Another challenge, convincing students and parents of the value of private lessons, took care of itself as my students began to succeed and soar beyond the expectations of their peers, parents, band directors, and even themselves. This certainly did not happen overnight. My incoming students were nowhere close to the level of my students in Fairfax. I refused to compromise on fundamentals, and it took some time for students and parents to trust me and to believe that these “funny sounds” (harmonic exercises and vibrato work) and scales would eventually help them develop a better tone and technique.
I also insisted that students follow a set curriculum, although with a certain amount of flexibility, depending on the student’s needs, strengths, and goals. My students were not used to spending time on tone development exercises, or even on scales or etudes. I developed “The Daily Flute Workout” (See Flute Talk, April 2013, available at www.flutetalkmagazine.com for a pdf and full details) to encourage them to practice on a regular basis. It is a daily practice guide template that students and I prepare together at each lesson. Most of my students are involved in sports, so calling the practice sheet a workout helps them understand that my expectations for their flute preparation are the same as the those of their swimming coach. I also worked with band directors who were used to assigning certain pieces for solo and ensemble festivals that were just too difficult. I recommended other works that were a better fit for students but still challenged them.
Because the schools here are farther apart, the area is more sparsely populated, and the majority of students do not take lessons, students are not as naturally motivated to excel as they often are in a more urban area. Within my studio, I often create challenges to motivate younger students to learn their fundamentals. For instance, to encourage students to learn their scales, I created the “Scary Scales Scaling Bee,” which takes place in October around Halloween. Students come in costume, and I call random scales plucked from slips of paper from a jar, just like calling words in a spelling bee. The winner usually receives a treat purchased from one of the local band’s fall fundraisers. It is stunning how hard students will work for the renowned apple dumplings sold by one of the local band programs.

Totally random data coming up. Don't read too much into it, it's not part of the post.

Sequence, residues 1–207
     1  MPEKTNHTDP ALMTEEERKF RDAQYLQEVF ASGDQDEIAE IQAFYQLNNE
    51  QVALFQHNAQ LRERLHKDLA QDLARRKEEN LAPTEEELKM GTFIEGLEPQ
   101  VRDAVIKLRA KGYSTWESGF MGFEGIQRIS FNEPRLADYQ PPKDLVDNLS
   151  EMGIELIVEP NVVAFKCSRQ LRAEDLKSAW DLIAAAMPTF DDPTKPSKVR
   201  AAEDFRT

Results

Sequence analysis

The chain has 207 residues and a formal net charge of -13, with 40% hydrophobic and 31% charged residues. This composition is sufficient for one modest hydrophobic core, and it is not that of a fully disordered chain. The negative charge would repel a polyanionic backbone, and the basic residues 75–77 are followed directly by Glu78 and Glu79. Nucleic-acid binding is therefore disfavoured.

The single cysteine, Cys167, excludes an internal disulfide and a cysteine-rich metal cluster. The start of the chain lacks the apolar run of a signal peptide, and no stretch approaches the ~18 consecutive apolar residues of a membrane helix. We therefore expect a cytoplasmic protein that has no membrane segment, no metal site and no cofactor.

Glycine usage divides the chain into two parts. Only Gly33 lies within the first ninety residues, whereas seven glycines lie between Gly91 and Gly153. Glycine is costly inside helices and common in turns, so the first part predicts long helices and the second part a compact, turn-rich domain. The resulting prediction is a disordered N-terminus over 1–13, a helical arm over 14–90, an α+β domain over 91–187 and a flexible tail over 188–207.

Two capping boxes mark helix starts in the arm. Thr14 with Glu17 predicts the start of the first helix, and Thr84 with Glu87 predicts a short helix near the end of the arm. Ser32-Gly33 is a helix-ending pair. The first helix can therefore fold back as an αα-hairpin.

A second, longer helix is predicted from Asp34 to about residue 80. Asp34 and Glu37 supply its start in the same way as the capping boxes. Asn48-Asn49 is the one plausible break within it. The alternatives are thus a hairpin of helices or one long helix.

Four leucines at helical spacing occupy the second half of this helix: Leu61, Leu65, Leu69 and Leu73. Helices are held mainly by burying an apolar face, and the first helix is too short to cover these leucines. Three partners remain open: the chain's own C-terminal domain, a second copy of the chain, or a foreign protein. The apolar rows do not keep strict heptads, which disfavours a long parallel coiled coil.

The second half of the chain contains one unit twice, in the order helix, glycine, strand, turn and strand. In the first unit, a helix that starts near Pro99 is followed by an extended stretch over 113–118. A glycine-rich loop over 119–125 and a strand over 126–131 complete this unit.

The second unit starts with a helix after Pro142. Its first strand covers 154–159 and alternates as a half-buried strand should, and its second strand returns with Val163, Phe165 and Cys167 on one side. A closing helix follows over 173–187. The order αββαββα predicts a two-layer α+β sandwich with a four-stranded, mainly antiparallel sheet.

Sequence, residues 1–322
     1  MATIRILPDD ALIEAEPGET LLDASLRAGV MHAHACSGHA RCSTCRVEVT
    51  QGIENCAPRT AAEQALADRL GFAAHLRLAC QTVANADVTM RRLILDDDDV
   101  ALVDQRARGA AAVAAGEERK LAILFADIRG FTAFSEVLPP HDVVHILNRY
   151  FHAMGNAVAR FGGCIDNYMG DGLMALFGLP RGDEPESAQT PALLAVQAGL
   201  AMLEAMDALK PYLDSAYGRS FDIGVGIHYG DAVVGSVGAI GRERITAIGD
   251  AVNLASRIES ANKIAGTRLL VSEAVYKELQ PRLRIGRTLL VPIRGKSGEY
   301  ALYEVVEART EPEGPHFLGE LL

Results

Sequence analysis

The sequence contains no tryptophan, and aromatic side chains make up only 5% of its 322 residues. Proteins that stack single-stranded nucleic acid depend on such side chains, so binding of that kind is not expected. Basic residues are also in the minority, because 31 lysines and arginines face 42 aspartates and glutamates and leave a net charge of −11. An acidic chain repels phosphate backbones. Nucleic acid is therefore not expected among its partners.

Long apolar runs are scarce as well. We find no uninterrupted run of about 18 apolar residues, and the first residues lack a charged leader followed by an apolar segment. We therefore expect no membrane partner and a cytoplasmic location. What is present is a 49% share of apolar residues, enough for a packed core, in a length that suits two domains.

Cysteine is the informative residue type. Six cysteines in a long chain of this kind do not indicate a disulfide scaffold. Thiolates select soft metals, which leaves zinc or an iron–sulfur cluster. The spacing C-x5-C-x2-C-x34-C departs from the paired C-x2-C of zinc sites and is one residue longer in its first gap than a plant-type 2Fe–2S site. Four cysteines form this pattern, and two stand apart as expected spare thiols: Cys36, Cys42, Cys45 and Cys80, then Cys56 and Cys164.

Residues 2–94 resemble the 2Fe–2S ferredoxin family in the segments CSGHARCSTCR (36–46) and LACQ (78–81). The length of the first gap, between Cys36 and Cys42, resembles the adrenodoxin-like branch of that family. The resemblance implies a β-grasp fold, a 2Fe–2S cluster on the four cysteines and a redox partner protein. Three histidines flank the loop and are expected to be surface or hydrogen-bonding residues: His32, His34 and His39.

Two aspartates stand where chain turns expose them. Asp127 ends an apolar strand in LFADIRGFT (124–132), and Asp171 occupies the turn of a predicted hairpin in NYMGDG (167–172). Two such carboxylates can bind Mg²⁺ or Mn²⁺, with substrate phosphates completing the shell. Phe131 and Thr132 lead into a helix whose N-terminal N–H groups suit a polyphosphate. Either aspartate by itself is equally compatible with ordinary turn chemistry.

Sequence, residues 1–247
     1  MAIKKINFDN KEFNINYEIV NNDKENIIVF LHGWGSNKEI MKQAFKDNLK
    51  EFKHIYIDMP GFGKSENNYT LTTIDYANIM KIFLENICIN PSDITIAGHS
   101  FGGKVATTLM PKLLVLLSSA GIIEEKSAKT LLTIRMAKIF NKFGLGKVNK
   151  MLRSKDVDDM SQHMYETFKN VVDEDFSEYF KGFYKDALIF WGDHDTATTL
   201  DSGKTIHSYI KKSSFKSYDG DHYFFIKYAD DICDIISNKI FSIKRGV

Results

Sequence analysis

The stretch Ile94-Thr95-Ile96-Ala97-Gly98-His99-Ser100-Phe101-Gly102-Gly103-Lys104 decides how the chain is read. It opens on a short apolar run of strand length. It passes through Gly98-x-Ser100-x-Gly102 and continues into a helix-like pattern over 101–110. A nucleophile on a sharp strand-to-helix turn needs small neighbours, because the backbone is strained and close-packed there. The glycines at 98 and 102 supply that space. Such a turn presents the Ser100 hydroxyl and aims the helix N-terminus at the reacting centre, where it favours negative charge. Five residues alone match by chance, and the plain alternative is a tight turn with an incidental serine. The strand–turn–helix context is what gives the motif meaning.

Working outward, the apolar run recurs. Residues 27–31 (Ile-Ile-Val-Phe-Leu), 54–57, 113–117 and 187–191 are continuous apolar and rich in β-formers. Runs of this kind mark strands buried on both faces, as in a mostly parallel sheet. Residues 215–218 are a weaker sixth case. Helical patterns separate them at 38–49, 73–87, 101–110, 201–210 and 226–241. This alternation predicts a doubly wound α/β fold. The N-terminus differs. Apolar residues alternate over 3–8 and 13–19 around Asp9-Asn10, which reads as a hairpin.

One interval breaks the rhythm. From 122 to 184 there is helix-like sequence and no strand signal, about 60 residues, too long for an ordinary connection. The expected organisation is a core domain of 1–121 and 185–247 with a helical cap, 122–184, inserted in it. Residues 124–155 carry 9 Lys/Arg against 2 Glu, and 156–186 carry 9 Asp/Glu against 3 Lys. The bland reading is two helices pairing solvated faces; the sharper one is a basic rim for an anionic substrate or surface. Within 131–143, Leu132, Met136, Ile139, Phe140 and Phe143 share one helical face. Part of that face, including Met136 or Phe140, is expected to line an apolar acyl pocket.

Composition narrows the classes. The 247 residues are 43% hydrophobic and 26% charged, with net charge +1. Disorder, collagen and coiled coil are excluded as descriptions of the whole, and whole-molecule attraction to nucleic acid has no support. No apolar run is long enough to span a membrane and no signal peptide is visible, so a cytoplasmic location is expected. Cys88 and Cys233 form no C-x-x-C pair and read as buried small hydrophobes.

I have also held an End of Summer Party to motivate students. At the end of one summer, we gathered at the home of a student for a pizza party. Each student brought a favorite pizza topping, and a local pizza restaurant provided the dough rounds to me at cost. Before enjoying the pizza, students had to demonstrate mastery of their summer goals, which were written on a piece of paper on my studio music stand at the beginning of summer for all to see. One student had been having trouble learning her upper register notes. It was great fun for all of the other students to line up and take turns approaching her and pointing at an upper register note in a piece of music. She demonstrated how quickly she could now name and play each note.